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I can definitely change the buffering on the other application and that helps a bit.

As for the non-blocking, I thought non-blocking allowed a read to complete even when there was no data. If there was no data, I thought either EOF or EAGAIN or something was set. The example above can be changed to this to get it working in linux and loop as fast as possible.

use IO::Handle; use Timer::HiRes qw(usleep); print "before the pipe\n"; sub getpipe { my $hash2 = shift; print( "starting " . time() . "\n" ); $hash2->{pid} = open( $hash2->{stdout}, "/usr/bin/perl |") o +r die; $hash2->{buffer} = ""; $hash2->{stdout}->blocking(0); sleep( 1 ); return $hash2->{pid}; } my $hash = {}; getpipe($hash); my $fh = $hash->{stdout}; print( "pipe created\n" ); my $count = 0; while( 1 ) { my $data = <$fh>; if( $data != "" ) { print "got from pipe: $data"; } print( "." ); usleep( 10000 ); } print( "done\n" );

I will try to post the script externally and provide a link so you understand what I'm trying to do a little better. To answer a couple of your questions about threads/processes, I'm really using both. I start the thread/process by calling fork. So in Linux, I understand that I'm using the true fork command. In Windows, I'm using the pseudo fork that is really thread when you get to the bottom of things. Which one I use doesn't matter. I just need a separate branch of execution so the parent script can continue doing its normal thing while my branch of execution handles the external processes. Thats probably an ignorant statement but that's why I'm posting :)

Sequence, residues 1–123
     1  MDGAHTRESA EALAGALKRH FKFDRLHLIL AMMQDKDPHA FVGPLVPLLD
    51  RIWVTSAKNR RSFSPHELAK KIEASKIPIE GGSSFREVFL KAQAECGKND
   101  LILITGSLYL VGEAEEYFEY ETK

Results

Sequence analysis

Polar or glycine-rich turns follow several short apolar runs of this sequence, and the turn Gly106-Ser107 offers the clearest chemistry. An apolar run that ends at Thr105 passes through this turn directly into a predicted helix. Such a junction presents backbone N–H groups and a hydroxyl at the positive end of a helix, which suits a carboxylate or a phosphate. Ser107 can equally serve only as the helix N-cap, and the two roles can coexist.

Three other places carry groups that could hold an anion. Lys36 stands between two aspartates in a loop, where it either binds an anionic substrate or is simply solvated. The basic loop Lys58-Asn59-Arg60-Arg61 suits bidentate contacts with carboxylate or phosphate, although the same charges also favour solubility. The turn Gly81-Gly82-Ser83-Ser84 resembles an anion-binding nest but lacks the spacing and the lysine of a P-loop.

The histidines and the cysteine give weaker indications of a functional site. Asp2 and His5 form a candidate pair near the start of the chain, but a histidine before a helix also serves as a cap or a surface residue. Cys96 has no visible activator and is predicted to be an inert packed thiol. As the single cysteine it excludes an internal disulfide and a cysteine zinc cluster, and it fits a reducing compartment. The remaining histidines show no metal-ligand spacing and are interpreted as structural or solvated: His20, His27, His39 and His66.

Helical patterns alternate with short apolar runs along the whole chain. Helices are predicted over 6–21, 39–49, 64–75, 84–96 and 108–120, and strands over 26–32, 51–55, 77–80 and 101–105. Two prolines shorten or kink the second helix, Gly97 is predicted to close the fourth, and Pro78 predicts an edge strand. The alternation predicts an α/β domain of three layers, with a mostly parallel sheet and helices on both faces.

I've found another perl script that sounds like what I'm doing: logtail. I believe the basic idea is the same. I need to review the code more to see what they have done.

In reply to Re^9: Forks, Pipes and Exec (file descriptors) by diabelek
in thread Forks, Pipes and Exec by diabelek

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